BTW, when I hear the words "cosmic dust bunnies," the images that most readily come to mind are those of the dark nebulae (in either our own galaxy or others), for some reason.



#9 rockethead26

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Posted 02 November 2018 - 06:33 PM

Interesting timing, as I am currently in the middle of The Mote in God's Eye (for about the 20th time).

Hey, me too!


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#10 philipdehazya

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Posted 06 November 2018 - 09:20 AM

The book sounds fascinating (per Wikipedia) and I just requested it from our local library.


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#11 InterStellarGuy

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Posted 06 November 2018 - 10:44 AM

Regardless of what the true nature of this object is determined to be or not to be, Oumuamua remains a fascinating object, and a marked oddity when compared to the asteroids of our own solar system that we are familiar with. There is a distinct possibility that it may not even be a natural body, for a number of reasons, some of them predating the pass of this object through our region of space.

BTW, when I hear the words "cosmic dust bunnies," the images that most readily come to mind are those of the dark nebulae (in either our own galaxy or others), for some reason.

The shape of the object..being much longer than it is wide, in the ratios given and represented in the various artists renderings, as well as its path into the solar system, where it went, and where it's going, just give you that "what if.." feeling in the back of your mind...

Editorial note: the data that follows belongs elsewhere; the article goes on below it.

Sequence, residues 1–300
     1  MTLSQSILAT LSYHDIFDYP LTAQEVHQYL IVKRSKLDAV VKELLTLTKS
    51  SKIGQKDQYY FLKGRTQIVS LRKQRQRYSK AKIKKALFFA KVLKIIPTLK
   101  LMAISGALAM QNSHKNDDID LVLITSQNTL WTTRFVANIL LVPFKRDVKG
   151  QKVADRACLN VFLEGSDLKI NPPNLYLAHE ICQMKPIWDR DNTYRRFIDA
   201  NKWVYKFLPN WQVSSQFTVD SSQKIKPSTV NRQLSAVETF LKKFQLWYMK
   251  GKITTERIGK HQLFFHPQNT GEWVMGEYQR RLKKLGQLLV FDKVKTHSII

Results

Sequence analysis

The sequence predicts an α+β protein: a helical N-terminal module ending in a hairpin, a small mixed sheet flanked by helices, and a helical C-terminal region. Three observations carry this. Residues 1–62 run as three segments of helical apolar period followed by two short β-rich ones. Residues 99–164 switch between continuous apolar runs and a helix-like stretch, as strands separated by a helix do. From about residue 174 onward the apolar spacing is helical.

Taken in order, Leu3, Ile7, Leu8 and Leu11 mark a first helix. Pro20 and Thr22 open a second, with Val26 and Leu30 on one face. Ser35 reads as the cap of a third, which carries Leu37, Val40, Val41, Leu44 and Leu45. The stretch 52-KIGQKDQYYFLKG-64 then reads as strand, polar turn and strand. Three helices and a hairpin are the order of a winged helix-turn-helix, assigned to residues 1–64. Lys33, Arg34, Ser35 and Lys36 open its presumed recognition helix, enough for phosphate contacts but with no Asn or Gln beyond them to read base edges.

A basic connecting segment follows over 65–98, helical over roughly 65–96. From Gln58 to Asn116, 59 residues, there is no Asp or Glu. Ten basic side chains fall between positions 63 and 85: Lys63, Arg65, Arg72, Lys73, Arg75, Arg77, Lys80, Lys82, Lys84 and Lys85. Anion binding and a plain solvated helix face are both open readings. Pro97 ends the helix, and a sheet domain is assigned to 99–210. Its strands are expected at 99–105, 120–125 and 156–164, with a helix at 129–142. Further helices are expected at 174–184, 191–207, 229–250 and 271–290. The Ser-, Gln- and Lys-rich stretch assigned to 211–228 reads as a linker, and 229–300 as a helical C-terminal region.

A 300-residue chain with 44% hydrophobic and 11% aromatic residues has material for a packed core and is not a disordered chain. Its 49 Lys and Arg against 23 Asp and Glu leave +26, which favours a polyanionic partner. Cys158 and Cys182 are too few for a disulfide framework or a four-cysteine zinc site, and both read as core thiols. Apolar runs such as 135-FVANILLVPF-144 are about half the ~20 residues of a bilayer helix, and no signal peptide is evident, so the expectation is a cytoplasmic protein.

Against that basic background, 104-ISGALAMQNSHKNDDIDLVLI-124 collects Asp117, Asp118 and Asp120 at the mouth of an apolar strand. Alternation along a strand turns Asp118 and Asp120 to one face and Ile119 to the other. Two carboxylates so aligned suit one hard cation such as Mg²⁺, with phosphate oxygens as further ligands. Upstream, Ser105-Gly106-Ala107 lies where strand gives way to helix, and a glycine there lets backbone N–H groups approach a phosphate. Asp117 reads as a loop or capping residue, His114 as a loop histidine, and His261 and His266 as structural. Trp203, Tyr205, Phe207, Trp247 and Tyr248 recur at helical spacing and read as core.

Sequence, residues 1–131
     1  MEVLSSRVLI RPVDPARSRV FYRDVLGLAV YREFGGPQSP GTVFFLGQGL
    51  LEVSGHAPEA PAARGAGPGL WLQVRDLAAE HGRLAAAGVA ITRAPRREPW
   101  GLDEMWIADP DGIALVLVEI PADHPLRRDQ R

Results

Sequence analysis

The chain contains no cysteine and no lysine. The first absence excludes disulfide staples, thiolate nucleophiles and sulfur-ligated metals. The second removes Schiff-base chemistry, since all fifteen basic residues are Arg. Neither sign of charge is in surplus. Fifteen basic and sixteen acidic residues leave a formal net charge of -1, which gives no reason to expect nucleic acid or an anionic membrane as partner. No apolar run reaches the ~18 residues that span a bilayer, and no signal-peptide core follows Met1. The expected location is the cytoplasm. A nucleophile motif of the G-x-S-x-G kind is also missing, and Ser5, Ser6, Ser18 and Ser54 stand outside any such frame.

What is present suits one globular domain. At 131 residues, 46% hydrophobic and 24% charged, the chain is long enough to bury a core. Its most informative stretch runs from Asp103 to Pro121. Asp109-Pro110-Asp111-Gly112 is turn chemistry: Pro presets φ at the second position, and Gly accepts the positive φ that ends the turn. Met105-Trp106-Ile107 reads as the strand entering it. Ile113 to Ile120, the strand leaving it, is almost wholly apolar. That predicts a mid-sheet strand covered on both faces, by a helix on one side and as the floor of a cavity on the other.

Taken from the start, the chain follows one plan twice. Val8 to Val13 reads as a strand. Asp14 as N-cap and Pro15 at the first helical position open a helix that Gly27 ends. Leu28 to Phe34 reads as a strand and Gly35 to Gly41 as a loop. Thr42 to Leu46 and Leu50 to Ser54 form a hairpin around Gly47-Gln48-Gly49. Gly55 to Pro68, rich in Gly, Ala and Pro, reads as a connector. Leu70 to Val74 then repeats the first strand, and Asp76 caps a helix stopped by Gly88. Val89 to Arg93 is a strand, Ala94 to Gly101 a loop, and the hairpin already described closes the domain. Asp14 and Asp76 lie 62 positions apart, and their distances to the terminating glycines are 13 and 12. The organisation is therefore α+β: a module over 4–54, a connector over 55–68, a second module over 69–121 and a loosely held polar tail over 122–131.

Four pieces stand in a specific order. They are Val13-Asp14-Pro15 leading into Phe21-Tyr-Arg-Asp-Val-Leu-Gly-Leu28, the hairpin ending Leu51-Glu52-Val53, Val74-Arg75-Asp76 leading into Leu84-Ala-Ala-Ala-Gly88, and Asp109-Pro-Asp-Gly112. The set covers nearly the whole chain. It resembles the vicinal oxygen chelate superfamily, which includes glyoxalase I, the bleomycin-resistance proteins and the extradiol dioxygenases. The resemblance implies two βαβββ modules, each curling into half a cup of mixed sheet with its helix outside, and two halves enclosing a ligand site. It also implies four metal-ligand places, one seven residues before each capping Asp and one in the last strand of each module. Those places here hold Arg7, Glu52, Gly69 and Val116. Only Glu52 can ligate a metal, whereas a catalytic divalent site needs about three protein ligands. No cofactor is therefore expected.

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#12 lavudyar

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Posted 06 November 2018 - 12:24 PM

The book sounds fascinating (per Wikipedia) and I just requested it from our local library.

Quite possibly the greatest scifi book ever written. Niven and Pournelle were at the absolute top of their game for this one.


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#13 555aaa

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Posted 06 November 2018 - 04:01 PM

There has been a lot more discussion of this topic in the minor planet community it seems. One issue that seems to be cropping up is that when the minor planet center generates the proposed ephemeris for follow-up observations on newly discovered objects, their code is biased towards fitting a normal elliptic orbit and sometimes a parabola, but not a hyperbola. The MPEC format doesn't even handle parabolic orbits, and when a presumptive orbit is generated, there can be solutions for both hyperbolic and ellipsoidal that are both reasonable, but without letting observers know that there is a hyperbolic fit, there is no extra incentive to follow up with astrometry. Right now the system is highly biased towards NEOs that are potentially hazardous, so they get most follow-up attention. The bulk of the time, the elliptical fit is going to be correct, or it's an artificial satellite, orbiting the earth, but having some sort of flag on candidate hyperbolic orbits looks really attractive. So now people are looking at long period comet orbit solutions from the past, looking up the old astrometry, and seeing how many of those also have a hyperbolic solution as well as the published and often not very accurate solution. There's a big need to go find archival images that might contain those comets and which are good enough for astrometry, even if they are on glass plates. There was already one paper on an object flagged in the past as a comet which might actually be another interstellar interloper. It's a difficult problem because these objects, like the small NEOs, may only be visible for a few days. 


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#14 goodricke1